About a dozen heavily bundled people braved a cold but sunny morning on a small, windy knoll at the capped Aquinnah landfill to mark the completion of a town solar panel project on Wednesday morning. The panels are expected to produce enough power to meet all of the town’s municipal electrical needs and more.
Aquinnah selectman Jim Newman cut the ceremonial ribbon while town administrator Adam Wilson, representatives from the builder, The South Mountain Company (SMC), and Paul Pimentel, chairman of Vineyard Power (VP), looked on.
The town currently spends more than $14,000 per year on its municipal electrical load, including town offices, police and fire stations, the library, street lights, and public bathrooms.
The 50-kW panels are expected to produce approximately 65,000kWh per year. Their life expectancy is almost 30 years. Mr. Wilson said that in ten years when the town buys the panels, he expects they should turn a profit for the town.
Vineyard Power (VP), a nonprofit energy cooperative, lead the project, financed and built by Island labor, according to Mr. Pimentel. The town has leased the land to VP for ten years. VP gives the town a ten percent discount on it’s total electric costs and puts the $400 lease payments into an escrow account which may be used by the town to buy the panels at the end of the lease term.
VP co-op members and Edgartown summer residents Lee and Julie Moncton invested 60 percent of the approximately $330,000 in construction costs. The Edgartown National Bank loaned Vineyard Power the remaining 40 percent, Mr. Pimentel said.
He said the investor receives substantial investment tax credits of about a third of the cost of the project from the federal government as well as front-loaded depreciation. There are Massachusetts state credits as well, according to Mr. Pimentel. Massachusetts is one of only six states that offers what are known as active solar renewable energy credits.
Mr. Pimentel said that due to the costs alternative energy projects would not be economically feasible at this time without the government’s willingness to give tax breaks to investors.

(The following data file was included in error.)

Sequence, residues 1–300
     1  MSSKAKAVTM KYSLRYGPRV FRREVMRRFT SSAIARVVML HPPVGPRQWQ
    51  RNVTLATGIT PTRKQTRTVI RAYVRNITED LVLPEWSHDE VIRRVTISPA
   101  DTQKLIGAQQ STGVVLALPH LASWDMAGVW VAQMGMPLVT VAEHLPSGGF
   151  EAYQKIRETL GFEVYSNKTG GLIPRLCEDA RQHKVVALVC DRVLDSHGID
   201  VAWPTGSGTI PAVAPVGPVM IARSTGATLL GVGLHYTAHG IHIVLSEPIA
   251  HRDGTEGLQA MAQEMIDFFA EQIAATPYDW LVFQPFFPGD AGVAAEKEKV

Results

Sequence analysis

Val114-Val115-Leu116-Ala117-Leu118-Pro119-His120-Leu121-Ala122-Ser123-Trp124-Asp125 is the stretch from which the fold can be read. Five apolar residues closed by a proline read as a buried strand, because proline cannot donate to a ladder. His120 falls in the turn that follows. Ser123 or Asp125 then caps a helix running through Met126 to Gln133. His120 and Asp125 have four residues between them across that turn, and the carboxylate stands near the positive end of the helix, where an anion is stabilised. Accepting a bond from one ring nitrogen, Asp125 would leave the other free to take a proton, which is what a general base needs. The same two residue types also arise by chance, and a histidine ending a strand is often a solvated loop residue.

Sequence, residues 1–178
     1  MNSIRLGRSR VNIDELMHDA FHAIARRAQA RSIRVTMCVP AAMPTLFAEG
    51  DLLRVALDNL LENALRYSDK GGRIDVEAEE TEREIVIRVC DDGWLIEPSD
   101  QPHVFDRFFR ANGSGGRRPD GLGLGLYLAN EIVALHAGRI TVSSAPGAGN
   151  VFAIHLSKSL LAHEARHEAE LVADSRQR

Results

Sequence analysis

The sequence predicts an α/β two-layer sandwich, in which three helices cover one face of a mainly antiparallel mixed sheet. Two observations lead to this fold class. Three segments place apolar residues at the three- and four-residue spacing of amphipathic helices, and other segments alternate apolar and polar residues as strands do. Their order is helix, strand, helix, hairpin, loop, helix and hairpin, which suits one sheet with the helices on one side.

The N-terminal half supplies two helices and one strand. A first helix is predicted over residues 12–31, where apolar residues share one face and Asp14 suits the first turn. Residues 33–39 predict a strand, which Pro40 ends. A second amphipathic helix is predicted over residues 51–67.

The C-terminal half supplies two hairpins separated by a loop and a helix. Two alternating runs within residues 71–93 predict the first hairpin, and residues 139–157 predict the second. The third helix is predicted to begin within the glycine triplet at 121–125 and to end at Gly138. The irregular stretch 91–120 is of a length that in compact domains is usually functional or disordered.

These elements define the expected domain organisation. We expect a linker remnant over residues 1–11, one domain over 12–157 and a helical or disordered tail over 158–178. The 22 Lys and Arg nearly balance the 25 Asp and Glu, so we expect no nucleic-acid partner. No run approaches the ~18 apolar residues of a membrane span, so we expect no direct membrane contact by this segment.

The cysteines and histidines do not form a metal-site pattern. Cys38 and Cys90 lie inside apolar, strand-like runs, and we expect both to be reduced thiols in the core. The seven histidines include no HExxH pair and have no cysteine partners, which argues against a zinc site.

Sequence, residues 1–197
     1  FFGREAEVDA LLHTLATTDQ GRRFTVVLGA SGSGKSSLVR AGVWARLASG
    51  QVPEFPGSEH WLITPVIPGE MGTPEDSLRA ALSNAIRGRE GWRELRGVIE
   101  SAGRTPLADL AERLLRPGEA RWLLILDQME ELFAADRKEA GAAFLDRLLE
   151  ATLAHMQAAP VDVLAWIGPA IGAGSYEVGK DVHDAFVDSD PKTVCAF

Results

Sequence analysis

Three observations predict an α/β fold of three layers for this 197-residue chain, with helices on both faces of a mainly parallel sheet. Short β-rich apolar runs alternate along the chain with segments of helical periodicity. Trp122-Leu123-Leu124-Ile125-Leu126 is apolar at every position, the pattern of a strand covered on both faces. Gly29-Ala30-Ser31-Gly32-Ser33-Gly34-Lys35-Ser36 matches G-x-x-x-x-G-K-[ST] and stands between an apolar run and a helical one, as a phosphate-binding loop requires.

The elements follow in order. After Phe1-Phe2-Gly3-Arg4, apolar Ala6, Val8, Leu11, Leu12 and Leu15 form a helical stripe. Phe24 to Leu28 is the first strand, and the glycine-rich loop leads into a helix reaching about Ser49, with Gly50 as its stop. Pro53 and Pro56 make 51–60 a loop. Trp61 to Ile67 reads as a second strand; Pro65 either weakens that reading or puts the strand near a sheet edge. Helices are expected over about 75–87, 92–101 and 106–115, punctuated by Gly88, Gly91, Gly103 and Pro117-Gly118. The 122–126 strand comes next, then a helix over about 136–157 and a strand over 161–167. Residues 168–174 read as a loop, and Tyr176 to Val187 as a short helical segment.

The project was approved at a one-question special town meeting in December 2011 attended by 49 Aquinnah voters. Mr. Wilson said that he remembered a few naysayers at the beginning of the discussion but that support for the project grew during the meeting until it received almost unanimous support.
The panels, only the third municipal landfill project of its kind in southeastern Massachusetts and only the fifth in the entire state, have been producing power since December 19, according to the SMC project construction manager Derrill Bazzy, an Aquinnah resident.
He said that SMC faced some interesting issues in the project design. The nature of the capped landfill would not allow for a base driven more than 6 inches into the ground, he said, so the panel array is anchored to large concrete blocks that are more like moorings or above-ground footings.
They designed the superstructure to be high enough off the ground so the grass below could be mowed, unlike other projects built closer to the ground with a gravel base through which grass and weeds eventually grow, shading the panels.
Mr. Bazzy said they used domestically produced solar panels that are about 30 percent costlier than some imported models, but they produce 30 percent more power and they are expected to last much longer.
The towns of Tisbury and West Tisbury are considering similar projects. West Tisbury selectmen voted on December 5 to enter into an agreement with Cape and Vineyard Electrical Cooperative (CVEC) to allow the cooperative to build a photovoltaic array at the town landfill off Old Stage Road. Tisbury is also working with CVEC to put its first solar array at the site of its old landfill off State Road.